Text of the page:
116a: Ma Nishtana
Last week we finished all the gemara to the mishna we began three months ago. It would be a good idea if you reviewed the entire gemara to that mishna, in order to get an idea of how the gemara is structured around a mishna. In the shiur, however, we shall be continuing in the text, and shall start the next mishna.
We are on 116a, at the first mishna on the page (line 17).
The webpage is at http://www.gush.net/talmud/14.htm
On the webpage, there is found, aside from the photo of the printed daf, a typed text version of the gemara, with a translation. In addition, I have added minimal punctuation to the typed text, to aid in reading it.
We begin with the mishna. Remember that the Mishna is an independent work, written several hundred years before the Gemara. Hence, this mishna is a direct continuation from the previous one, and not from the last gemara that we learned. In our case, the mishnayot (plural of mishna) are sequential in time as well, as they are defining the order of the seder.
They pour for him the second cup. Here, the son asks his father, and if the son is not intelligent, his father teaches him:
How is this night different from all nights? -
For on all nights we eat chametz and matza (leavened and unleavened bread), but on this night it is only matza;
For on all nights we eat other vegetables, but on this night maror (bitter herbs);
For on all nights we eat roasted, braised, and boiled meat, but on this night it is only roasted;
For on all nights we dip one time, but on this night two times.
The father teaches the son according to his intelligence.
He begins with ignominy and ends with esteem, and he expounds "Arami oved avi" until the end of the passage.
This is the mishna of the "four questions." The mishna does not only state a law relating to recitation, but gives the text as well. This is actually a very unusual occurrence in the Mishna. Generally, the text of the siddur is not found in the mishna, and there are very few exceptions.
Those with good memories will immediately notice that in fact the text of this mishna is not identical to that of our seder. There are at least two differences, and we will discuss them both shortly.
Let us examine the Rashbam to the mishna.
Vekan haben shoel et aviv
Here, the son asks his father - here, at the pouring of the second cup, the son, if he is intelligent, asks his father, why is it different now, that we pour a second cup before eating.
This comment is taken more or less exactly from Rashi. Rashi is explaining the word "here" that introduces the four questions. Rashi's explanation is that the questions are engendered by the pouring of the cup in the previous sentence. Pouring the second cup now, before the meal, is an unusual step, which arouses the child's curiosity. We have seen previously that actions that are meant to arouse curiosity are one of the distinguishing marks of the seder. The Talmud does not state that that is what is taking place here, but Rashi reads it into the introductory word "here" as the connection between pouring the cup and the son's questioning.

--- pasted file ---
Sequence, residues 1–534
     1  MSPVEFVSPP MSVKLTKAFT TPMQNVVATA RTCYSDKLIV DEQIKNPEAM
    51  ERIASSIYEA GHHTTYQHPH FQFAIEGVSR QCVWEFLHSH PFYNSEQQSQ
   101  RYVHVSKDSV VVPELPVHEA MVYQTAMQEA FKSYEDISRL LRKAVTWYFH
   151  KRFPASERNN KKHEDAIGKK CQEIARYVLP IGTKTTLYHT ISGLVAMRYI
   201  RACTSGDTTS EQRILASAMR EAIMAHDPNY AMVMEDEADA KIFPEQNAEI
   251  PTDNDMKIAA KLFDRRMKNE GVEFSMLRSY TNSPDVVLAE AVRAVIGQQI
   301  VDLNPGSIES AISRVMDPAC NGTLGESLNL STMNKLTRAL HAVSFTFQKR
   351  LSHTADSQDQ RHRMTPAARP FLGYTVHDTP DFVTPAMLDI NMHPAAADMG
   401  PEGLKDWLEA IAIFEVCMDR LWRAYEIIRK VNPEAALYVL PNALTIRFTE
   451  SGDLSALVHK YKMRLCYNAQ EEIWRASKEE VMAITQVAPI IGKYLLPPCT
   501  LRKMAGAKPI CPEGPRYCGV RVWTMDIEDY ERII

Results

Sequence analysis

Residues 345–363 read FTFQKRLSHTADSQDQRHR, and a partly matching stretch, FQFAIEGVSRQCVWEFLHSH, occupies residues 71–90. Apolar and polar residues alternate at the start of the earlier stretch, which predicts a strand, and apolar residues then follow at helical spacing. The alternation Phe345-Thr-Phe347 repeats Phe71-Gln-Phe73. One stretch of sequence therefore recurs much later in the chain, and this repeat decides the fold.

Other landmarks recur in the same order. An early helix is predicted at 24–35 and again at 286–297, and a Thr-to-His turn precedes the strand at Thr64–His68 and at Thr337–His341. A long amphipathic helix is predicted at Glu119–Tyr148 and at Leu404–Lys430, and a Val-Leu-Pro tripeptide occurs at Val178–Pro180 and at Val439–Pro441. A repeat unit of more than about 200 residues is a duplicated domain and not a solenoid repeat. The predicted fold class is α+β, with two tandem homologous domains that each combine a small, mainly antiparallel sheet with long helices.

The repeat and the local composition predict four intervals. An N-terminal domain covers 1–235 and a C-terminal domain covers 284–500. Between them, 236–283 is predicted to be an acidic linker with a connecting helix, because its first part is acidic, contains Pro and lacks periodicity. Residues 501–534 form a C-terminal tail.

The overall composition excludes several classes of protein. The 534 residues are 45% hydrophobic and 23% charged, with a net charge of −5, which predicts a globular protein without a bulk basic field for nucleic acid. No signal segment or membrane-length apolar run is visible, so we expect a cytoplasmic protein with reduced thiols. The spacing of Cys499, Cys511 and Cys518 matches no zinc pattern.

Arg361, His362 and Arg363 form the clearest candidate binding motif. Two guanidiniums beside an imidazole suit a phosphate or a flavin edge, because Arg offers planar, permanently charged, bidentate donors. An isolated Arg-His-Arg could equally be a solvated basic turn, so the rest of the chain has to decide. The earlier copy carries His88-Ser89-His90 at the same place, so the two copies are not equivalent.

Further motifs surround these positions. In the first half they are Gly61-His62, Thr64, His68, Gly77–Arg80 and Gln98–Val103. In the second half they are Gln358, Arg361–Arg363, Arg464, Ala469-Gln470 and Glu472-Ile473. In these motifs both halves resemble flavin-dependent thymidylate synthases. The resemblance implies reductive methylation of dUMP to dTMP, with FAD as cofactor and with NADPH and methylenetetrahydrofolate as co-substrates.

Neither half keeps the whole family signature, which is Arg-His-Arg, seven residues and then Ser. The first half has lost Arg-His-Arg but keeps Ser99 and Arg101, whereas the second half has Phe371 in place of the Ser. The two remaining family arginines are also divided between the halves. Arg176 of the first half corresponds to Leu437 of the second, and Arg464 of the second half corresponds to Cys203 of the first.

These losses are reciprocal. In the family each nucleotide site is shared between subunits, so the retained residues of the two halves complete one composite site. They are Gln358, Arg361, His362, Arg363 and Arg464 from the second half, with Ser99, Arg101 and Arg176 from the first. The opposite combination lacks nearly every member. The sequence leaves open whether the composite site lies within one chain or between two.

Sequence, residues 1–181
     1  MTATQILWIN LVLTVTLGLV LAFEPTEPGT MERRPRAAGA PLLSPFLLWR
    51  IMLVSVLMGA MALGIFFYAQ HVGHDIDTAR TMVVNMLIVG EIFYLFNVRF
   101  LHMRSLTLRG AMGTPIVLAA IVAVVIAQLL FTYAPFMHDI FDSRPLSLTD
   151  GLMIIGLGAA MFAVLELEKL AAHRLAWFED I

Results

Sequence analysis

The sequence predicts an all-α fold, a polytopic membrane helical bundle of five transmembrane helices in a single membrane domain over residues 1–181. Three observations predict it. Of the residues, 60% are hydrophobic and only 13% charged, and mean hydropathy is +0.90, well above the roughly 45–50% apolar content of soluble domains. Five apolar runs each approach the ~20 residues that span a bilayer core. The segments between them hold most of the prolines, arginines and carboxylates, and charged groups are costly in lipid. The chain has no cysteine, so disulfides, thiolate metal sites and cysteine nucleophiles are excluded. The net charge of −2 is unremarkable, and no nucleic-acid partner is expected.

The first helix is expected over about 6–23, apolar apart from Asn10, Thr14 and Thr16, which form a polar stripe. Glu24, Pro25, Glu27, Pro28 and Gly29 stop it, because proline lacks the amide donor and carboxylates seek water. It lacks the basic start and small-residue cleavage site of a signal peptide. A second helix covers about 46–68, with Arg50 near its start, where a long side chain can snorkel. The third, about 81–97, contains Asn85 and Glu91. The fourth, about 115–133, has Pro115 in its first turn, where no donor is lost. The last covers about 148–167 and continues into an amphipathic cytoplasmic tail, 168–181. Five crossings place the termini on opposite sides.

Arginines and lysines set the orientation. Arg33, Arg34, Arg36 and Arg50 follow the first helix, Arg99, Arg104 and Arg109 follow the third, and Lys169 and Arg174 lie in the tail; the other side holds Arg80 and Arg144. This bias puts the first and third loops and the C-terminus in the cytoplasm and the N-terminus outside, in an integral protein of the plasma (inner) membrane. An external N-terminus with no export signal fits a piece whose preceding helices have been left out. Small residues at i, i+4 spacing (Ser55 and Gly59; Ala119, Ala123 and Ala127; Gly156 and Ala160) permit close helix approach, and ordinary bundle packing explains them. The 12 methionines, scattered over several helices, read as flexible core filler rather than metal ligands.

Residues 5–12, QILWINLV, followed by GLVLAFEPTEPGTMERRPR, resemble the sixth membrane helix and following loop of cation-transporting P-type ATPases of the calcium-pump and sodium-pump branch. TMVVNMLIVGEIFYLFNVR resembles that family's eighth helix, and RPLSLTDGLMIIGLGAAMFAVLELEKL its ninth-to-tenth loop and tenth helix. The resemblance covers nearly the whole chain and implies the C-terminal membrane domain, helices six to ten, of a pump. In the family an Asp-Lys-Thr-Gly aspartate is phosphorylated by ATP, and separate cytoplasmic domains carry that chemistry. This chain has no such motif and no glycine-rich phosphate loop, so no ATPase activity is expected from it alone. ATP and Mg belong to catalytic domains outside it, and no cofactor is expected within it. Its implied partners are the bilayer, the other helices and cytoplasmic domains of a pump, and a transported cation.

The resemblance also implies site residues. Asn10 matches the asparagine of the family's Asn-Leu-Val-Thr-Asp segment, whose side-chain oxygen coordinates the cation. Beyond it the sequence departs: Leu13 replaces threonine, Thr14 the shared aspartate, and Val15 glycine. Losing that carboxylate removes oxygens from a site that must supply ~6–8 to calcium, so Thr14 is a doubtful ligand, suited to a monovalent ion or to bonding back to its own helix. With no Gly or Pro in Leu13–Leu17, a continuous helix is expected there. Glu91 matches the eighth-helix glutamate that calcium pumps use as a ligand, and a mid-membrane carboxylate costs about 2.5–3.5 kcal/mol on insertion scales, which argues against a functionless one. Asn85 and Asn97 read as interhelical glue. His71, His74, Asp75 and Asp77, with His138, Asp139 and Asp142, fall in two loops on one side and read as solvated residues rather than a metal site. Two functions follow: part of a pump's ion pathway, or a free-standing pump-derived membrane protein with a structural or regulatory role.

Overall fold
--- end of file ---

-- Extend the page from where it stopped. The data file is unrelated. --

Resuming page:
The Rashbam continues and quotes a different explanation, which he has received also from Rashi (although it does not appear in Rashi's commentary).
And our master (Rashi, who was the Rashbam's teacher as well as grandfather) received from R. Yaacov b. Yakar, "So the son asks his father" (Instead of "kan" = "here", R. Yaacov b. Yakar is reading "ken" = "so"). This is like "Ken bnot Tzelofchad" (Bemidbar 27) (the verse means that the daughters of Tzelofchad spoke correctly); i.e., it is appropriate that the son ask "ma nishtana" at the pouring of the second cup.
Basically, this is the same explanation of the mishna. There is an intrinsic connection between the pouring of the second cup and the four questions.
As I mentioned, viewing the pouring of the second cup as one of the "unusual events" which are designed to arouse the child's curiosity is not supported by the Talmud, unlike the eating of karpas or the removal of the table, which, as we have seen in the past, are explicitly related by the gemara to "so that the children will realize and question." Perhaps for this reason, the Ran differs with Rashi.
Mazgu lo kos sheni
They pour for him the second cup, and here the son asks - for now they come to remove the table, and the child pays attention and asks "ma nishtana etc."
The Ran clearly preferred to relate the questioning to an act that the gemara has stated is designed to arouse curiosity. He therefore interprets the word "here" as referring to the removal of the table, which was mentioned in the previous mishna, rather than to the pouring of the cup, which is the immediate precedent of the son's questioning.
Continuing with text of the questions, the Rashbam does not comment on the first two (matza and maror). Presumably, the text is clear. He does comment on the next two, though the comments are out of order.
Matbilin paam achat
We dip one time - dipping vegetables during the meal. The gemara will question this.
There seems to be a problem with this text, and the Rashbam tells us not to worry about it, as the gemara will discuss this problem, whatever it is.
Two times - the first dipping of other vegetables and the second dipping of maror.
Taking the two comments of the Rashbam about the question of "dipping" together, the Rashbam is pointing out that the single dipping of the rest of the nights is not equivalent of either one of the two on the seder night. The single dipping of a regular night is a normal one during the meal, whereas both dippings on the seder night are ritual, one BEFORE the meal, and one of maror.
More important is the Rashbam's comment on the third question, the one about roast meat (which is in the fourth position in the Rashbam, coming after the question of the dippings).
Ha-laila ha-zeh kulo tzli
But on this night it is only roasted - He would ask thus in the time that the Temple was in existence.
In other words, this question is inappropriate today. The son's questions are based on his actual experience at the seder, not on what he learned in school (even assuming he went to a school that taught him the order of the paschal sacrifice). Hence, there is no way that he could ask about eating roasted meat, which is a law about the eating of the sacrifice. The Rashbam therefore simply states that this question is historical, and was asked only in ancient times, when the Temple still stood.